I think it is safe to say that my most popular posts since I began writing were the series I put together about what health stigma and healthy privilege are–and how seriously they affect us. I still stand by the ideas I shared in that series. Recently, as I have talked to clients, and I have participated in conversations online, I have realized that there is an issue that is directly linked to healthy privilege and health stigma that I didn’t explicitly address in my earlier posts. And it is this:
Let me be clear about this. I certainly believe that we have the ability to make healthy choices. We can strive for good food, rest, and movement. We can choose relationships that support us instead of relationships that tear us down. We can seek appropriate physical and mental health care to be sure that we stay as healthy as possible. We can make healthy choices. But those healthy choices do not guarantee our health.
We live in a culture that is very focused on individual control. We want to believe that good choices lead to good outcomes. And that means that if you struggle with health challenges–emotional or physical–you must not have made good health choices. Right?
This unspoken idea that good health is a reward for healthy choices is one of the pillars that supports the ongoing stigma of health challenges. The belief that good health is the result of good choices is a reason that so many people feel blamed or shamed for the illnesses they live through.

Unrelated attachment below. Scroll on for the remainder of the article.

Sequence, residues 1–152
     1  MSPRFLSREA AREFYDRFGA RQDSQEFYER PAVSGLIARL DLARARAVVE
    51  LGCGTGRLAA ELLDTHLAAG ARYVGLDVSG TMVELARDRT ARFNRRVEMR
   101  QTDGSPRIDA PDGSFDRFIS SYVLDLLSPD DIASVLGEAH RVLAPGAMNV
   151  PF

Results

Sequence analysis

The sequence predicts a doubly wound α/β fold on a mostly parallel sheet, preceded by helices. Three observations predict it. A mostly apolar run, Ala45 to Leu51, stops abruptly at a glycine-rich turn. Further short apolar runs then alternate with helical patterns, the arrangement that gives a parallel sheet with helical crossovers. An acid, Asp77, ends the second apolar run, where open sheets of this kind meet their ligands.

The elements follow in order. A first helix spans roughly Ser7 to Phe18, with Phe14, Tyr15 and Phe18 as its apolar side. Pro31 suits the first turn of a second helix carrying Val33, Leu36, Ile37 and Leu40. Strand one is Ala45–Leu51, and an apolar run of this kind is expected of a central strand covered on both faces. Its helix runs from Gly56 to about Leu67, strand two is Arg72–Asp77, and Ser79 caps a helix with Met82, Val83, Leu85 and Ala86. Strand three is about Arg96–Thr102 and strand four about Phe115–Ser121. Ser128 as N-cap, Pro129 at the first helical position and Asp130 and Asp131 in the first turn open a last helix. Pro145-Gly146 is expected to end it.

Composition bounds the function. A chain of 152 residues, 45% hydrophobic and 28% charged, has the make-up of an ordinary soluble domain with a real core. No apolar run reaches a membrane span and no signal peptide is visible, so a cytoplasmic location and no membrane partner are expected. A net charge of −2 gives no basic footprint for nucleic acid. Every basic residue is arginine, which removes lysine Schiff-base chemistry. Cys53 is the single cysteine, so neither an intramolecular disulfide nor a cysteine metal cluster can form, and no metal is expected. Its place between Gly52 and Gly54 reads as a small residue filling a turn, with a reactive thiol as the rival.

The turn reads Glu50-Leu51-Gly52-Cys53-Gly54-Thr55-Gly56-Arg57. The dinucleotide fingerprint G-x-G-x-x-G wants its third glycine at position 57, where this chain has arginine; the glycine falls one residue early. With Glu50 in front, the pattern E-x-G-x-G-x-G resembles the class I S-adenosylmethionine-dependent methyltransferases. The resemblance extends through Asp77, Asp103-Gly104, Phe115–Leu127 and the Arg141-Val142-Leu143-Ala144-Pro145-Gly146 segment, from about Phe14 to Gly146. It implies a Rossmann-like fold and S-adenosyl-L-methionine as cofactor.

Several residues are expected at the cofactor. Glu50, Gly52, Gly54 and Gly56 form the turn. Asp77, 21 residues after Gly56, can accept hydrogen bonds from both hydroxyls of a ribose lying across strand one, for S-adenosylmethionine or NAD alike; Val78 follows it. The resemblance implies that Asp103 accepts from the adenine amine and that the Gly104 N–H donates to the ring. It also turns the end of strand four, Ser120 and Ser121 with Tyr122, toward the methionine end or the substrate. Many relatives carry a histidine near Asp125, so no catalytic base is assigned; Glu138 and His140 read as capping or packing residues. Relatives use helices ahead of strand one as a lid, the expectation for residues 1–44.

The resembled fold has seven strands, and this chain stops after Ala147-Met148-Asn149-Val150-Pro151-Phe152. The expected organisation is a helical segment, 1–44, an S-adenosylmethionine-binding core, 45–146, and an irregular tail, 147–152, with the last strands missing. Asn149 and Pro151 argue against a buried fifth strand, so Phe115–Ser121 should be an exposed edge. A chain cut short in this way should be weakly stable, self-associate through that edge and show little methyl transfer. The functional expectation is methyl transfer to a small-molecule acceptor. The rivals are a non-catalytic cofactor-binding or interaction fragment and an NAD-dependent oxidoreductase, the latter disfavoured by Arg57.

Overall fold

The truth is, that no one is guaranteed good health. Athletes in peak condition die of undetected heart conditions. People who have eaten perfectly their whole lives get cancer. People with great mental attitudes struggle with depression or anxiety. People with strong work ethics get multiple sclerosis or rheumatoid arthritis. Making healthy choices certainly improves our odds of experiencing health in life. But we don’t get a guarantee.
We would like a guarantee. We want to feel that good is rewarded. We want to believe that our choices ultimately control our experiences. But we live in a world where our genes, our environment, and sometimes, just our spin of the luck wheel determine our experience. And I think that our society sometimes takes that wish for a guarantee and uses it to shame and blame people who are facing health challenges. Because if other people can make healthy choices and still face illness, then we might be at risk for illness too. Because we want to deny the fact that sometimes good health is good luck.
Since this lightbulb went on, I have seen this attitude in so many places. And I think that we need to call it out. Health is a goal. It is a gift. But health is not a virtue.
Let’s have that conversation.
Oh–and just to have some outside perspective, check out this long list of “Virtues of Moral Personhood (note that health isn’t on there anywhere):”